Members of the “Clean Plate Club” are proud of their eating prowess, the sheer fortitude it takes to consume a mound of food. Surrounding World War II, U.S. Army mess halls displayed posters imploring soldiers to clean their plates because food was a limited commodity. And “waste not, want not” is a mantra that families have followed for countless generations.
But today, we want to talk about a different kind of clean plate. Whether it’s family dinner at home or fine dining at an exquisite establishment, there is some etiquette surrounding a place setting that really ought to be followed.
One of our servers once commented on how unfortunate it was that her thumb repeatedly landed in leftovers smeared to the edge of the plates she had served and cleared during Crave events. The rim of a plate exists for a reason – it’s the serving portion of your personal dish. Within the eating circle, people may have a proclivity for organizing their food in any given matter, but the delectable morsels should stay within the confines of the food-designated area.
Really, who wants to clear this from the dinner table?
(Aside to parents: we understand that children of various ages may have peculiar eating habits, but setting good examples as the adult is always a technique to get through to our little darlings – albeit slowly over many, many repetitions.)
Buffet dining is another occasion where normal etiquette sometimes gets obstructed by the generous portions in front of us [Editor’s note: “first-world problems,” we know.] Self-restraint meets with being a respectable guest by taking all that you can eat, but eating all that you take. From the food professional’s perspective, every plate should be equally impressive. Granted, the buffet allows guests to choose their preferred dishes and portions, but each of us should remember that someone else also wants to try that amazing lobster mac ‘n cheese.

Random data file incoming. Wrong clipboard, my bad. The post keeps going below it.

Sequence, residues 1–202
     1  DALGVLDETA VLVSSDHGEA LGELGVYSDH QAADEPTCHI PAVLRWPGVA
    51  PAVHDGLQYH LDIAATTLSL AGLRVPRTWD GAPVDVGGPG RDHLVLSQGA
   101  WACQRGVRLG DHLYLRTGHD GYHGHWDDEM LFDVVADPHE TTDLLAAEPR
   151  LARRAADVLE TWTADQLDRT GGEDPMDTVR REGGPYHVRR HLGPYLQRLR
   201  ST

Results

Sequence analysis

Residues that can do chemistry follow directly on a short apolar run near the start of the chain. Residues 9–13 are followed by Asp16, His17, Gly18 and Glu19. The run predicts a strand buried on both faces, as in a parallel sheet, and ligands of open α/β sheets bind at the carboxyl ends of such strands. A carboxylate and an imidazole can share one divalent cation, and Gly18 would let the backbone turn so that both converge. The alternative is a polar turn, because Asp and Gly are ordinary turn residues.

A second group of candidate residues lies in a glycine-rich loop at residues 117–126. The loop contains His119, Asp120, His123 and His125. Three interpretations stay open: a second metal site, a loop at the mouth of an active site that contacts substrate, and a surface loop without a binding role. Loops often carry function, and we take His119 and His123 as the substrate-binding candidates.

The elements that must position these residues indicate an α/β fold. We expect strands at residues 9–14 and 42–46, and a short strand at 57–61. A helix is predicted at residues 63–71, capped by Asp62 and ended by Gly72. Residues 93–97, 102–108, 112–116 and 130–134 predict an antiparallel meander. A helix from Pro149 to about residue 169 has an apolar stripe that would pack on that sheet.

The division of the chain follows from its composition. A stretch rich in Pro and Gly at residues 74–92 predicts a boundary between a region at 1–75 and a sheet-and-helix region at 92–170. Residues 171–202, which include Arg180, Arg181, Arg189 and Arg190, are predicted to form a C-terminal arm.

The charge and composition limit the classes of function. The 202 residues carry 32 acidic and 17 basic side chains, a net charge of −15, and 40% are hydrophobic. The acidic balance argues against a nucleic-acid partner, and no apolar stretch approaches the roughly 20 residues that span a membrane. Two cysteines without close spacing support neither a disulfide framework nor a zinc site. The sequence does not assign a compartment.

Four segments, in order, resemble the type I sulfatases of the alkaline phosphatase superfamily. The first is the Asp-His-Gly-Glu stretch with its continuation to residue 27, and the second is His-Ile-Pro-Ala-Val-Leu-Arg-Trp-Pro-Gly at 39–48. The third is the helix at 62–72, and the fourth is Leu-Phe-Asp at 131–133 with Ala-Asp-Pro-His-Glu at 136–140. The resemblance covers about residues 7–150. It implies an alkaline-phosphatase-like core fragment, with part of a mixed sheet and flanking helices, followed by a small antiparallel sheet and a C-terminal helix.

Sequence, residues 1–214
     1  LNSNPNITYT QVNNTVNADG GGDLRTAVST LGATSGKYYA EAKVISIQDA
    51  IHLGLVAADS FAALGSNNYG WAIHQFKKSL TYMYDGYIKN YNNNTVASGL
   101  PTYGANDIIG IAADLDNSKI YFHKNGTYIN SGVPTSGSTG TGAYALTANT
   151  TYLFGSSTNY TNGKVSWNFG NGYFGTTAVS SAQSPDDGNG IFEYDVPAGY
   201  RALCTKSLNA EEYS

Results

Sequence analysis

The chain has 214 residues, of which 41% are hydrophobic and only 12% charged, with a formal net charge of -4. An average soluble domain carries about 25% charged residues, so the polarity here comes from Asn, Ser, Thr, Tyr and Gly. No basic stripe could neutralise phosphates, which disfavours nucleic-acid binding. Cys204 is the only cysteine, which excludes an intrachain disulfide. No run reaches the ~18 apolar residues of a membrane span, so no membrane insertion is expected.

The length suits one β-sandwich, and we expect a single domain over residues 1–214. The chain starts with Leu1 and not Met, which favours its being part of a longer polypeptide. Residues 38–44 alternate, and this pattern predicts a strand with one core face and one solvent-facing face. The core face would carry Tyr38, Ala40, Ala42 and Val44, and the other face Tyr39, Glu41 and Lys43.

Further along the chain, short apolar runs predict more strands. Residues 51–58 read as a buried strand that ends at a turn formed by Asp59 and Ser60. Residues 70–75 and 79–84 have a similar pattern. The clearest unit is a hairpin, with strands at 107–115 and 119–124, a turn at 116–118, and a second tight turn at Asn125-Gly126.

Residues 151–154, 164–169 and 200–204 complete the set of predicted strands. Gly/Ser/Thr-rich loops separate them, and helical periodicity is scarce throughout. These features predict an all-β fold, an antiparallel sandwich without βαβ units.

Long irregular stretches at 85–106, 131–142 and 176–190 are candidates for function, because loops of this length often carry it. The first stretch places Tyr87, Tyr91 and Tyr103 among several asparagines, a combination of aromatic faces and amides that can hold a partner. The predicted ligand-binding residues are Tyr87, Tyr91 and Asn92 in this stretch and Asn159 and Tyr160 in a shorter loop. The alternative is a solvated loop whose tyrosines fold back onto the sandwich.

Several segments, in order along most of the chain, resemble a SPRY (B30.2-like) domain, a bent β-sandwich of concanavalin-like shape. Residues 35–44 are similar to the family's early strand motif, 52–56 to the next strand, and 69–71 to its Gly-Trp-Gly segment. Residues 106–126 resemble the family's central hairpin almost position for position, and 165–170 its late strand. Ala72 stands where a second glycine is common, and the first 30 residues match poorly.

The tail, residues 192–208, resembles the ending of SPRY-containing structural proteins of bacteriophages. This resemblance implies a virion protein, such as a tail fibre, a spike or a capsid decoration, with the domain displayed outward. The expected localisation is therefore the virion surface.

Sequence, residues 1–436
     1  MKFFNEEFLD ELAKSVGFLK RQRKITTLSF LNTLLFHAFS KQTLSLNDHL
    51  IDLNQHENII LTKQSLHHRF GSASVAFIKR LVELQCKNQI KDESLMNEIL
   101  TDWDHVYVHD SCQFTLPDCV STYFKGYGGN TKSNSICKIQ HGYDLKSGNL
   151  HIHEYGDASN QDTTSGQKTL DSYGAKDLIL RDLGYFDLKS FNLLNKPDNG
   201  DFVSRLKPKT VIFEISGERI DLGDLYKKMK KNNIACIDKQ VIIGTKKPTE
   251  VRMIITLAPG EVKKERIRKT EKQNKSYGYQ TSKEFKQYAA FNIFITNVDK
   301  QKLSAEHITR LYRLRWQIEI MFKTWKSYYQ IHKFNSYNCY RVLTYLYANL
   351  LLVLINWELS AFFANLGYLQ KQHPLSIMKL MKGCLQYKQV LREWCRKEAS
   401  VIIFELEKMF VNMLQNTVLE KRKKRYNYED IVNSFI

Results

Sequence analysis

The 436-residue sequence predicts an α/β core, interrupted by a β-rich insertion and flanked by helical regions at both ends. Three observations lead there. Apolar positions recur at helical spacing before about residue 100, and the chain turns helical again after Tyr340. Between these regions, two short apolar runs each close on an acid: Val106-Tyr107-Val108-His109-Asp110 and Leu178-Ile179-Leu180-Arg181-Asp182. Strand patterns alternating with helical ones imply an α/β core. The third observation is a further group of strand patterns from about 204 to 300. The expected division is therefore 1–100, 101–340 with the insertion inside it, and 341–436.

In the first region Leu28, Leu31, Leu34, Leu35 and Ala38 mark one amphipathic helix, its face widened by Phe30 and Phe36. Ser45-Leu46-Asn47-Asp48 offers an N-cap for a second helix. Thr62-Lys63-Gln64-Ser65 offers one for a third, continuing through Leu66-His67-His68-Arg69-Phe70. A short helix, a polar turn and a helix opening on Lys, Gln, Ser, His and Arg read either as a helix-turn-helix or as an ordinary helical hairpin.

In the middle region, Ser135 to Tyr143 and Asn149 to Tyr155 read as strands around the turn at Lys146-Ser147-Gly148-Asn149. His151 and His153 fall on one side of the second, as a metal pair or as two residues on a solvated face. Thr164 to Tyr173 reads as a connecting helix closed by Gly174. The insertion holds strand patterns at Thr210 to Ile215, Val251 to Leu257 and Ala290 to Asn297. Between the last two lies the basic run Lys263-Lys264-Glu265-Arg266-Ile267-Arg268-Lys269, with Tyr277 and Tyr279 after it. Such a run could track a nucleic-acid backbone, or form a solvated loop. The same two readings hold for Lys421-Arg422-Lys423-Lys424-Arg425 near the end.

One other bit of etiquette that can be very helpful for both guests and wait staff is the placement of utensils during and after a meal. Employing some simple visual cues can be helpful for servers to know where you are at enjoying your food. And for those in the business of serving those meals, make sure your people know how to read this language of cutlery. Below are a few simple maneuvers that make non-verbal communication possible across the table.
Practicing good meal etiquette at home sets a positive example for those around us and ensures we are ready for a special occasion when a high level of decorum is expected. Of course, we would argue that respect for the food in front of us and the person that prepared it are fundamental to daily living.